EBV-Related Lymphoproliferative Disease Complicating Therapy with Siplizumab, a Novel Anti-CD2 Mediated T- and NK-Cell Depleting Agent, in Patients with T-Cell Malignancies.

Deirdre O’Mahony, John C. Morris, Maryalice Stetler-Stevenson, Helen Matthews, Stefania Pittaluga, Paul Albert, Karen Kaucic, Luz Hammershaimb, Thomas A. Waldmann and John E. Janik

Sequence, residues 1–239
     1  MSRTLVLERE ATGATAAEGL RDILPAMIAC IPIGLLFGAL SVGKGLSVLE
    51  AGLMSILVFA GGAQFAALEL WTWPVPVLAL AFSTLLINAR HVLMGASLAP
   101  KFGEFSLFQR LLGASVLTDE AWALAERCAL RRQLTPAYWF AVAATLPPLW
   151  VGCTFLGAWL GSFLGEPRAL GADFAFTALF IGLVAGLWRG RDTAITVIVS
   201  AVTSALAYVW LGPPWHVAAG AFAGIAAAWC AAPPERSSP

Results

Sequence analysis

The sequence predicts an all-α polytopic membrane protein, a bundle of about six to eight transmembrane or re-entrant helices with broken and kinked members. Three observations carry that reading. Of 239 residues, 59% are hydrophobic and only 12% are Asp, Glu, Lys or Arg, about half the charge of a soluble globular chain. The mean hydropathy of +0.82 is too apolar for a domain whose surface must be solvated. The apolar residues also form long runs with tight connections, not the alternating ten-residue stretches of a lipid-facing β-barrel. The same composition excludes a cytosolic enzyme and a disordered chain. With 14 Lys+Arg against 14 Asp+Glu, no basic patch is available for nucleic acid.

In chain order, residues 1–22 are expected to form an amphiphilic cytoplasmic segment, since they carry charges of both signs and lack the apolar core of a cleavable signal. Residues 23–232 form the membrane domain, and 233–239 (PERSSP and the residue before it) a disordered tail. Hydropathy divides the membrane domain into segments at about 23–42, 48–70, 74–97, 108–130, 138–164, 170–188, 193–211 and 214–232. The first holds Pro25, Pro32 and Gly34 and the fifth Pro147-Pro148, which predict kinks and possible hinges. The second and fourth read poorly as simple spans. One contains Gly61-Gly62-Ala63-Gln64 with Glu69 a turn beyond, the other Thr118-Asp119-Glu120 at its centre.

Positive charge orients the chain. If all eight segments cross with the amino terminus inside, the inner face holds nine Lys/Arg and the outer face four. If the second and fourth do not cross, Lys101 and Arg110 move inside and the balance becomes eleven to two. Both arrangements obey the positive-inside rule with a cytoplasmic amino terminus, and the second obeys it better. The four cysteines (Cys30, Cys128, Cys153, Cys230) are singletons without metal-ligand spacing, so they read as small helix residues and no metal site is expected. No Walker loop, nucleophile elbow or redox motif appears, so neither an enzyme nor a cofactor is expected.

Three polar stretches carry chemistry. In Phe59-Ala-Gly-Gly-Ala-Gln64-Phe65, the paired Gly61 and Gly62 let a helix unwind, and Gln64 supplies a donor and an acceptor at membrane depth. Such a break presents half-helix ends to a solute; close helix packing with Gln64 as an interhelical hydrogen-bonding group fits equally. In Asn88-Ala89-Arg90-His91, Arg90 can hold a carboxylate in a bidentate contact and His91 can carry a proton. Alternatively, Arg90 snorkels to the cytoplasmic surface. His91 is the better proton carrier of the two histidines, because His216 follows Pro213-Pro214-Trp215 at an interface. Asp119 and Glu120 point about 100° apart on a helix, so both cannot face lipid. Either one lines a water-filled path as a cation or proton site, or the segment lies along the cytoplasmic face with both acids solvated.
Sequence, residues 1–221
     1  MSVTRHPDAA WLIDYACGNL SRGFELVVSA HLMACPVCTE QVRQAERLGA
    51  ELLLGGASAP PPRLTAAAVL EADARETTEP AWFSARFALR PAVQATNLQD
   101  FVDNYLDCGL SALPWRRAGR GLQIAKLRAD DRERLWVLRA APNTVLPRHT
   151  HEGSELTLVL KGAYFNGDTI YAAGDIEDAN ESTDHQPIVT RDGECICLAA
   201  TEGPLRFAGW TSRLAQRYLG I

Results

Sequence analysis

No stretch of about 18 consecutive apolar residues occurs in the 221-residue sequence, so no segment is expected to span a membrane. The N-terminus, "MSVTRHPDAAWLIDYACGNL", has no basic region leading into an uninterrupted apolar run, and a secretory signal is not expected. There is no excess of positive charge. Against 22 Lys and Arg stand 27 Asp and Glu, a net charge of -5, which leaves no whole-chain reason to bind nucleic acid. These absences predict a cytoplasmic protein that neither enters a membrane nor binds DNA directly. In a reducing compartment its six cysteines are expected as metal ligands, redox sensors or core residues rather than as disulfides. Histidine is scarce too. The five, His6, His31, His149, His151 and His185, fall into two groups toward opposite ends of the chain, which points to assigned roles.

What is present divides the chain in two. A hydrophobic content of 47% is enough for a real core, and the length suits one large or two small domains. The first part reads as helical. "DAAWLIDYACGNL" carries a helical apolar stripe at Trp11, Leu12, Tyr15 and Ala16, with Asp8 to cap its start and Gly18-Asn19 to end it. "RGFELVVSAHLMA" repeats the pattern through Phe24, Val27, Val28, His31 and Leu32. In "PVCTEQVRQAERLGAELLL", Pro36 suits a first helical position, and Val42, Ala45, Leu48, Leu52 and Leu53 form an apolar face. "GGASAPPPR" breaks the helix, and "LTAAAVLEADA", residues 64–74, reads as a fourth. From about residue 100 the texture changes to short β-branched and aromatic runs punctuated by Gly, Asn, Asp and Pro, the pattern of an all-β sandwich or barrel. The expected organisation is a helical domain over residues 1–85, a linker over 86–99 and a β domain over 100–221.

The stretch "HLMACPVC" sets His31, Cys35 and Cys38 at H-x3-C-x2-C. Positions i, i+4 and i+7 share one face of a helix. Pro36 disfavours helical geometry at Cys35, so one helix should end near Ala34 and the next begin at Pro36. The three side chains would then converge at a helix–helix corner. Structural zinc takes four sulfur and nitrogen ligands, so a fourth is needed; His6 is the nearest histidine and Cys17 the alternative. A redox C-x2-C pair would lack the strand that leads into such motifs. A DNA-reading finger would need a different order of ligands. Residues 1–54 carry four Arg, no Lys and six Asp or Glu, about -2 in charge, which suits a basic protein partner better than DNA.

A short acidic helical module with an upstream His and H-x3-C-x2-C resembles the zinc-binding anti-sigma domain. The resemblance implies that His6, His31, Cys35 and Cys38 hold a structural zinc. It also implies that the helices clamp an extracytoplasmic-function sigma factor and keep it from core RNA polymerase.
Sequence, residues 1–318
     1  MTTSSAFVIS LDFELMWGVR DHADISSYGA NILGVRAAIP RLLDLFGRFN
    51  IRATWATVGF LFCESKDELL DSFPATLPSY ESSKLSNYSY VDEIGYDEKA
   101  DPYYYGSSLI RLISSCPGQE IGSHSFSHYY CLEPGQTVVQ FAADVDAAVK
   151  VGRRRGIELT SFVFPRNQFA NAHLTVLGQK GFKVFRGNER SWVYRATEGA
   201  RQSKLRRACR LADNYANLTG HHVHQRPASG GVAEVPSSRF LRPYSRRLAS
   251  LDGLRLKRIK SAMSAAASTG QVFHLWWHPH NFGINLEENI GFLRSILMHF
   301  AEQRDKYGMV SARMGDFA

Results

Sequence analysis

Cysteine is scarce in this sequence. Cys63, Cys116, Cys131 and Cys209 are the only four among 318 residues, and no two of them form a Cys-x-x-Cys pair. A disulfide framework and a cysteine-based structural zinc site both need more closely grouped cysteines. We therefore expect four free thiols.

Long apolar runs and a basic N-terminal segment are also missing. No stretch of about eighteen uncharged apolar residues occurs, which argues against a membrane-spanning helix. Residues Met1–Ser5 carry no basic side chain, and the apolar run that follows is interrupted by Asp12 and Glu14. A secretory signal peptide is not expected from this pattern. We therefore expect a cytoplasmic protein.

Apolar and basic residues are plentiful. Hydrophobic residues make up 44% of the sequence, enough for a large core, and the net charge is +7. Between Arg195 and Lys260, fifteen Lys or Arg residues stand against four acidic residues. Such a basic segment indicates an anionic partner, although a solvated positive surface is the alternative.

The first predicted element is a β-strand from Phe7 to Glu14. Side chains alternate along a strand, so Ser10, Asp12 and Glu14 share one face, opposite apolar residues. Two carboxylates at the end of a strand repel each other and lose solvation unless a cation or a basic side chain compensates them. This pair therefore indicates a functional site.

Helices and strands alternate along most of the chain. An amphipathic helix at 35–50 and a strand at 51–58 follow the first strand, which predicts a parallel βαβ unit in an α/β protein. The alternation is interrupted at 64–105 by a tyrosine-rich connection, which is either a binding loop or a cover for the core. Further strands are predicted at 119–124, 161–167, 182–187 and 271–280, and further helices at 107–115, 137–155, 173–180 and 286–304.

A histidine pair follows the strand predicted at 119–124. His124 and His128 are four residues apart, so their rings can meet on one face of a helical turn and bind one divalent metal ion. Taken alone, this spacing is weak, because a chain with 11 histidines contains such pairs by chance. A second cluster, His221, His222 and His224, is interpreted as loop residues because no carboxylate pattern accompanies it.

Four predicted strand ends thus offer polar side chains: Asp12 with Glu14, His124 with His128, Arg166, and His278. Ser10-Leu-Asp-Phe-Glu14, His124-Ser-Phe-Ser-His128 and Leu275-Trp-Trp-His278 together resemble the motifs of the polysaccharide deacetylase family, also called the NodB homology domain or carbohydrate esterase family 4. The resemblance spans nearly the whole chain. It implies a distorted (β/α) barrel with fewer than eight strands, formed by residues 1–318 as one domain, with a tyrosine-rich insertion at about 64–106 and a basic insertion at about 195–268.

Epstein Barr virus (EBV) has the capacity to transform B lymphocytes and in the setting of immunosuppression increases the risk of developing EBV induced lymphoproliferative disease (EBV LPD). This is a heterogeneous condition ranging from a benign polyclonal B cell proliferation to frank non-Hodgkin’s lymphoma. EBV LPD is associated with immunosuppressive agents used in solid organ, bone marrow and stem cell transplantation, and in certain congenital immunodeficiencies. We conducted a single institution phase I dose escalation study of siplizumab, a humanized monoclonal antibody to CD2, in patients with T-cell malignancies. A total of 29 patients (pts) were enrolled, of which 4 (13.7%) developed EBV LPD. In the original trial design (n=23) pts received escalating drug doses over 2 or 3 consecutive days per treatment week every 2 weeks (cohorts 1–7). In an attempt to increase the rate of drug delivery the trial was amended, for pts (n=6) to receive a single dose on day 0 and 14, and then once weekly thereafter (cohorts 8–10). While initial responses were exciting (2 complete responses, 7 partial responses and 10 stable disease) the development of EBV LPD was a concern. One of 23 (4.3%) pts in the original design and 3 of 6 (50%) in the revised schema developed EBV LPD within 6 months of starting therapy. The 29 pts included adult T-cell leukemia/lymphoma (n=15), large granular lymphocyte leukemia (n=7), cutaneous T-cell lymphoma (n=4) and peripheral T-cell lymphoma (n=3). A median of 2 (range 0–6) prior therapies and a median of 4 (range 1–26) courses of siplizumab with doses ranging from 0.4mg/kg to 4.8mg/kg were administered either biweekly or weekly depending on the cohort. Of the 4 EBV LPD cases, one responded to withdrawal of siplizumab, one to rituximab, another to combination chemotherapy and rituximab, and the remaining patient succumbed to a combination of her underlying disease and EBV-LPD. Review of T-cell trends in response to therapy demonstrated a reduction in the geometric mean of CD4 (84.9%, p<0.001) and CD8 T-cell counts (91.5%, p<0.001) between baseline and a timepoint after administration of the second cycle. There was no statistically significant difference in the degree of reduction between the two trial designs or those pts who developed EBV LPD. However, a statistically significant greater reduction in CD2 expression was seen in pts treated on the weekly schema (p=0.007) rather than biweekly and in those who developed EBV LPD (p=0.05) rather than those who did not. There was also a statistically significant greater reduction in NK cell number (p=0.04) with 2 treatment cycles from baseline in patients developing EBV LPD. These findings highlight the importance not only of T-cell depletion in the aetiology of EBV LPD but also NK cell depletion and reduction in CD2 expression on lymphocytes. The emergence of B-cell malignancy may be associated with the ability of siplizumab to deplete both T and NK cell number, without B-cell depletion. This toxicity should be screened for in other agents that deplete T cells without affecting B cell number.